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Old 05-05-2013, 07:56 AM   #21
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Bob Miller's Avatar
Name: Bob
Trailer: 1973 Hunter Compact II
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About NADA RV Prices:

I have heard that the reason that NADA prices are so skewed, both high and low, is twofold.

Because so few RV's over 5 years old are taken in as trades, (dealers don't want to have to deal with higher warrantee costs associated with older rigs) most are sold in private party transactions.

In many (most?) cases this results in the buyer reporting a somewhat "adjusted" purchase price to reduce the sales tax due when registering. Last year, when I sold my 1989 Toyota Sunrader pop-up motor home for a bit under $12000, the buyer reported a purchase price of $3000 (and saved about $750 in sales tax.) This lower number goes into the public record and is what NADA uses, in part, to determine value.

In the case of newer trailers, dealers do resell them and point to the MSRP of new trailers (a price at which they are almost never sold) when the buyer asks about price. Hence, dealer resale prices are much higher than private sales and are reported at 100% of sales price, pushing those prices up, at least for the first few years.

How much of the forgoing is accurate? Who knows, but it does seem to reflect what is happening in the marketplace.

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Old 05-05-2013, 09:09 AM   #22
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Name: Carol
Trailer: 22' Airstream Formerly 16' Scamp
British Columbia
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Originally Posted by Alf S. View Post
Hi: All... Up here in "The great white north" you only need to prove to a lending institution that you don't need their money to qualify. Interest rates are so low there's only one way for them to go...UP!!!
Alf S. North shore of Lake Erie
Thats true Alf but the key to that as you say is "you only need to prove to a leading institution that you don't need their money". ie they will give you a personal loan or an equity loan based on what you already own and paid for or what you have in your investment/savings accounts with them or another bank. In that case they will issue you a personal line of credit or an equity loan and sometimes if your asking for high amounts they will use that other equity as the security.

It doesn't work that way if you are going for a traditional car/rv loan - you need to have a down payment as they are using the item your purchasing as the security and they do depreciate. On RV's they often require down payment of 10 to 35% down. Also if you only have 10% down you will pay a higher interest rates to cover the loan insurance they will make sure they put on the loan to protect them from your low down payment. Also the poorer your credit rating & the fewer other assets you have the higher the rate you will pay.

Yes some car deals will sometimes offer nothing down and a low interest rate but the truth is the cost of the car has all the extra default insurance and higher interest rates you would have paid if you borrowed directly from a bank already built into it. The dealer through your purchase price will pay those items to the leading institute they are dealing with on your behalf. You the purchaser are going to pay a much higher sales price for the car or RV than had you walked in with cash in hand or borrowed directly from the bank yourself.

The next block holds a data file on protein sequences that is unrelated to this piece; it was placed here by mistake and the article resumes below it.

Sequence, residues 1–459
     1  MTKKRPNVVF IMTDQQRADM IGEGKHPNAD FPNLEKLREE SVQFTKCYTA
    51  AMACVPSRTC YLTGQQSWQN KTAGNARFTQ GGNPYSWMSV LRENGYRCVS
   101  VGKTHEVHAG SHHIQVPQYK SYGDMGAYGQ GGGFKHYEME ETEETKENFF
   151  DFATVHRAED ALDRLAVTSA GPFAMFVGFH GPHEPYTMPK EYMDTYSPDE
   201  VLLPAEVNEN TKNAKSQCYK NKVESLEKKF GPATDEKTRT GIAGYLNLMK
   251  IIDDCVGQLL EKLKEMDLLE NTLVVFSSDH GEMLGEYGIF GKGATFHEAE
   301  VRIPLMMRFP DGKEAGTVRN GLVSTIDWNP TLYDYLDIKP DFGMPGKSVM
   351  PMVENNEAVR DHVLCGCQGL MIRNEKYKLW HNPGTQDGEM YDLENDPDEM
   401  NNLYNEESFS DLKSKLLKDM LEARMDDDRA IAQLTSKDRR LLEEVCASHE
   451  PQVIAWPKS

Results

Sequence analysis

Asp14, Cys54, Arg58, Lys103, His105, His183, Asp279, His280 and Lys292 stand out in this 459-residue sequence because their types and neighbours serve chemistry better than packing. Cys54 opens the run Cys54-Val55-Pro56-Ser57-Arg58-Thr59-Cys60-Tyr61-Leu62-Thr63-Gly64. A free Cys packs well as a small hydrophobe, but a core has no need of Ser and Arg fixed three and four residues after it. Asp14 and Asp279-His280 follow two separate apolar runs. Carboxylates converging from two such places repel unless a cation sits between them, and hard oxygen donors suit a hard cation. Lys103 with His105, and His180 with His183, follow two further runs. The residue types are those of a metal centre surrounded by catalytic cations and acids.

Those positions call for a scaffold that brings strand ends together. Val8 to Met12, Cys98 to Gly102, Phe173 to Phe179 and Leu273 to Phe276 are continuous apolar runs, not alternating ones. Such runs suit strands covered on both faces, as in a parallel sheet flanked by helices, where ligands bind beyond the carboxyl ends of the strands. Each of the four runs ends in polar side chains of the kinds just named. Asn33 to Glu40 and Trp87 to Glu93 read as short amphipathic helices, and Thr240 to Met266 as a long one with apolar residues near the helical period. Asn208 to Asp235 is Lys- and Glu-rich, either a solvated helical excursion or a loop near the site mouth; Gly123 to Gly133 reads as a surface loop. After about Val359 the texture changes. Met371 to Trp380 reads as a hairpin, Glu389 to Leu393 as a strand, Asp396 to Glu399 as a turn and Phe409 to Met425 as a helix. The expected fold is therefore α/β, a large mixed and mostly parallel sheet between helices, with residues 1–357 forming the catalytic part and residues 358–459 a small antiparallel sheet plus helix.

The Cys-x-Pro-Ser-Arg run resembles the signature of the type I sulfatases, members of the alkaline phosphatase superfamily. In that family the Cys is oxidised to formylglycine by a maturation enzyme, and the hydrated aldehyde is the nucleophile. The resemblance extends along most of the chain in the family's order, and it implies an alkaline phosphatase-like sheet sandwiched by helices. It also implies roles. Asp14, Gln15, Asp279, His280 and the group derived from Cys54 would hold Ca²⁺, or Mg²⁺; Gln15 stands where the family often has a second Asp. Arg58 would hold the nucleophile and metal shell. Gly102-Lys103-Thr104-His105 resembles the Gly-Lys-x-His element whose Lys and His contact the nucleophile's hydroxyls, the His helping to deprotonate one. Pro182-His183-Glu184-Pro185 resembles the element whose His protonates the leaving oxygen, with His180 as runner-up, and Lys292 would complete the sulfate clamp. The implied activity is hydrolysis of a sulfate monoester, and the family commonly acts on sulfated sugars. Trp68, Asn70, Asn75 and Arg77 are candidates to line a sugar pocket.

On a conventional mortgage, home buyers are required to put down at least 20% of the purchase price or appraised value (whichever is less) as a down payment- that's the legal standard requirement for a down payment in Canada for a traditional mortgage. If you don't have the 20% down payment, you can can get a high-ratio mortgage and put as little as 5% down (legally no less) but the lower you go on the down payment ratio the higher the points go on the mortgage rate and add to that the cost of the legally need to have default insurance built into your mortgage rate it will push your interest rate/payments up through the roof. The end result is that not a lot of people buy homes with only 5% down as they cant afford to make the much higher mortgage payments - same with high ratio car/rv loans. Its the big reason that few people in Canada would walk away from their homes if their was a down swing in property values as we all have to much of our own money invested in them to start with - better to just wait out the down swing.

I am with the others, when it comes to items such an RV/Boat or car your way better off in the long run financially to save up and just pay cash for them or buy one that isnt the one of your dreams but works well enough to get you through to when you can afford to pay cash for the one of your dreams.
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Old 05-05-2013, 10:46 AM   #23
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Name: Francesca Knowles
Trailer: '78 Trillium 4500
Jefferson County, Washington State, U.S.A.
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Originally Posted by Donna D. View Post
Maybe get a personal loan rather than a loan against the asset.

They're only going to lend up to the value of the collateral and since in this case the collateral is the trailer itself that means what it may be worth if/when a borrower defaults.

If interest rates are higher for a personal loan, you might consider "splitting" the amount- borrow as much as you can on the trailer and take out a personal for the balance.

Better still (and interest-free!) would be saving up 'til you have enough of a down payment that the lending limit is a non-issue.

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